Get Out The Vote! Campaigning for the U.S. Presidency. Examines the process of campaigning and electioneering through partisan artifacts, symbols, and ballots. Negative campaigns have been a feature of Presidential politics for hundreds of years. This is evident in many of the included essays.
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On November 2, 2004, American citizens exercise a fundamental privilege granted by the U.S. Constitution. By the time ballots are cast on the first Tuesday of November, Presidential candidates have already spent months campaigning to win over the voting public. These campaigns and their strategies have evolved considerably since the first contested Presidential election in 1796.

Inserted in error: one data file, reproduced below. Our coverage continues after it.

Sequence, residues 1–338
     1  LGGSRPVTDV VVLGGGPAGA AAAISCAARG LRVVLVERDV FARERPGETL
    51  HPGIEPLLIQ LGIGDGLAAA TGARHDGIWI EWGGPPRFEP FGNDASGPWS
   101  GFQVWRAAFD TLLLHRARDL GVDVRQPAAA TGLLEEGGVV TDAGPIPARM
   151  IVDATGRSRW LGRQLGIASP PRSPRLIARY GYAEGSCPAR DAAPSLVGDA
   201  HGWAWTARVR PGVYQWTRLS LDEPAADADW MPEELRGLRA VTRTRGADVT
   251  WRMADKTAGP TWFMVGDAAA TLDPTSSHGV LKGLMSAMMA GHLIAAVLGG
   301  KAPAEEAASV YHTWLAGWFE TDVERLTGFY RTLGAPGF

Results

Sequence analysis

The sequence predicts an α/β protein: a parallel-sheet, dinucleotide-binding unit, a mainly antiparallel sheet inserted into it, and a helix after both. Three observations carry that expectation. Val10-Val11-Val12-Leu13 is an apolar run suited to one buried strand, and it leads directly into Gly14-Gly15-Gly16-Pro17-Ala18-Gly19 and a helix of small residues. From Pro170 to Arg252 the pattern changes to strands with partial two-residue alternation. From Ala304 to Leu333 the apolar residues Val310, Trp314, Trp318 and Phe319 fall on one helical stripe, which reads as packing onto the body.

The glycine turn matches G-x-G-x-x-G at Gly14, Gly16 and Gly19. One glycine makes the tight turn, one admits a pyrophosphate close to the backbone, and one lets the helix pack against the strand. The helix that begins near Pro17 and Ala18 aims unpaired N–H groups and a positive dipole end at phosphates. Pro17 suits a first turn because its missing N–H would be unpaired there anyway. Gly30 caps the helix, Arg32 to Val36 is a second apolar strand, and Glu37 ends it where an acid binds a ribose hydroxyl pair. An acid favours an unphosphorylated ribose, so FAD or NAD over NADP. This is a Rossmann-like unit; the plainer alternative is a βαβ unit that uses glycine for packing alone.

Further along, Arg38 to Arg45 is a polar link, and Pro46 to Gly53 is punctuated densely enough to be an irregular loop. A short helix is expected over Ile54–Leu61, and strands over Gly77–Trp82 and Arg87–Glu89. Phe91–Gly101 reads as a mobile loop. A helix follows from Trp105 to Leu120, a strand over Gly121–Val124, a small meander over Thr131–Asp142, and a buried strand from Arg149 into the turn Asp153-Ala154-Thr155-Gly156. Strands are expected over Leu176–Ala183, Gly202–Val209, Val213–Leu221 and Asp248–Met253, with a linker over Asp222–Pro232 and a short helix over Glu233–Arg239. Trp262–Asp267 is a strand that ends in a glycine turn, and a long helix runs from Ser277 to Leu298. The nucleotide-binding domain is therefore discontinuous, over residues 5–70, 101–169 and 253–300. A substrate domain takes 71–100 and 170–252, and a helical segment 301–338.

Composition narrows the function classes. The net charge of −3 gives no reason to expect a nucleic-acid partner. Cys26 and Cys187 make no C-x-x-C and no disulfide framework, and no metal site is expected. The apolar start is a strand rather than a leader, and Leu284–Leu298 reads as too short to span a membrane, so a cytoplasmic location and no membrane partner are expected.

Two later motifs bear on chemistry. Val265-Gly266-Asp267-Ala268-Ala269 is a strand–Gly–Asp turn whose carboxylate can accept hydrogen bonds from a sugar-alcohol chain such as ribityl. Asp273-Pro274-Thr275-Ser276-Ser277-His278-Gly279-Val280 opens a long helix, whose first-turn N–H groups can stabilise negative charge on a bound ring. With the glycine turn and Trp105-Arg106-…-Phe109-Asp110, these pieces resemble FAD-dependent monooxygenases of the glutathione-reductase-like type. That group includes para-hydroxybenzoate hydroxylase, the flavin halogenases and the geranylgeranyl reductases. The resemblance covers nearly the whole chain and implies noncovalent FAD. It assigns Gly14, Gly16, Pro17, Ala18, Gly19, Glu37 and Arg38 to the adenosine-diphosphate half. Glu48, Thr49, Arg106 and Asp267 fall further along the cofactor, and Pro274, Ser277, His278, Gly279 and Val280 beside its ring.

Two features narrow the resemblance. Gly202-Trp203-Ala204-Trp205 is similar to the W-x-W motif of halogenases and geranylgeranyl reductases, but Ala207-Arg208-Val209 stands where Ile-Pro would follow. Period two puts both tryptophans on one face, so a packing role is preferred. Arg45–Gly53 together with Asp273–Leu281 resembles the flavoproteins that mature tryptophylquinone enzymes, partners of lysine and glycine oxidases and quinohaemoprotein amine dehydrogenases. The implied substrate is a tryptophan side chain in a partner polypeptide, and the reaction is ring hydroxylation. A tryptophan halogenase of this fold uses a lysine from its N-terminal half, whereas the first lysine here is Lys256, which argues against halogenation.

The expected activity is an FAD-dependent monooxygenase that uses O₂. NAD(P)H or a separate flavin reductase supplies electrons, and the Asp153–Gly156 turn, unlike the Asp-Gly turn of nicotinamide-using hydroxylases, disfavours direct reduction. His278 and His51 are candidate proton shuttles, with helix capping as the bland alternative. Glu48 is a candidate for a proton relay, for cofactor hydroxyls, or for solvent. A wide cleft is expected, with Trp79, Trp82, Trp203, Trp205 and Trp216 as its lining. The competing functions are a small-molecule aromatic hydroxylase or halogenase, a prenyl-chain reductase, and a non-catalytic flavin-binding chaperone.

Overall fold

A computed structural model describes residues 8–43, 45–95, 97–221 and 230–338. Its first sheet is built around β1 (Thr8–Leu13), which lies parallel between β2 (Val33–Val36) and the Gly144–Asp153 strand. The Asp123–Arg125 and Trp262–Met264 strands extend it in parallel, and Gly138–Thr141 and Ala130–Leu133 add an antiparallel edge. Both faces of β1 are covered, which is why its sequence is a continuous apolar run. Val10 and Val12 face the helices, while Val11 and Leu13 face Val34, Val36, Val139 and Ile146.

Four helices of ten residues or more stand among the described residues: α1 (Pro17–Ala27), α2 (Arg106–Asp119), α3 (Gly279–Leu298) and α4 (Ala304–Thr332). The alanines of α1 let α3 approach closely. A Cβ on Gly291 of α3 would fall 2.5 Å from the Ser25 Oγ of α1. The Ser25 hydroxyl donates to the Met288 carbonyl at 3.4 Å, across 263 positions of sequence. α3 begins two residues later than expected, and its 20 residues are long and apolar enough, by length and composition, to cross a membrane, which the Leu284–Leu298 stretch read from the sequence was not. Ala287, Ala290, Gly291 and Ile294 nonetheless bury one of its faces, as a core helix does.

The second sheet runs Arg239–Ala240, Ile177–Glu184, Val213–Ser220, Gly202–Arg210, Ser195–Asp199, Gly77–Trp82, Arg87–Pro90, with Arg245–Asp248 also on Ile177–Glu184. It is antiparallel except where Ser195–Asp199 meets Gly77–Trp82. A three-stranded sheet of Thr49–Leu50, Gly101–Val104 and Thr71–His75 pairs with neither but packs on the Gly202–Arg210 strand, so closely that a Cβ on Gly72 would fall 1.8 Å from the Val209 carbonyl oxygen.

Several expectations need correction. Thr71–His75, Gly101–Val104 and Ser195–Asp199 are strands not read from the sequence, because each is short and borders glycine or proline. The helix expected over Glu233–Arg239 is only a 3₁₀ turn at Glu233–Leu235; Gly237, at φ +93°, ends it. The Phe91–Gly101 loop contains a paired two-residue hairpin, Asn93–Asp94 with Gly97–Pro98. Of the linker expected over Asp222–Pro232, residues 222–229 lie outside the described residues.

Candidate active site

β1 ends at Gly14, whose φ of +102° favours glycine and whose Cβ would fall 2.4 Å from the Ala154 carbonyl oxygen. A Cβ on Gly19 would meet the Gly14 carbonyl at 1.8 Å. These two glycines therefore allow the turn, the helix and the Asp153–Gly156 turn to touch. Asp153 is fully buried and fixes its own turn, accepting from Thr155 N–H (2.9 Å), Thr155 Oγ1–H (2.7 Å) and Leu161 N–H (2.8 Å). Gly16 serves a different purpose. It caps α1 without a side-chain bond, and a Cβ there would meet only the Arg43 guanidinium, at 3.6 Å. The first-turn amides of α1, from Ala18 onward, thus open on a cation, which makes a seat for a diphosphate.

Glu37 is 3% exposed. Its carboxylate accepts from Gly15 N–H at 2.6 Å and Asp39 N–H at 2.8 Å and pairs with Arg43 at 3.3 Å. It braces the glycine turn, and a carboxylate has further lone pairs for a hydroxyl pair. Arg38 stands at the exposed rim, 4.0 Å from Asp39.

This exhibition examines the process of campaigning and electioneering through partisan artifacts, symbols and ballots. Ten featured elections-all well represented in the Cornell Library’s collections-are represented alongside recurrent campaign themes. Bandannas, mugs, pipes, walking sticks, sunglasses, and yes, even bars of soap, demonstrate how campaigns have employed imagery to create mythic personae for candidates, to fashion party mascots, and to entice Americans to vote.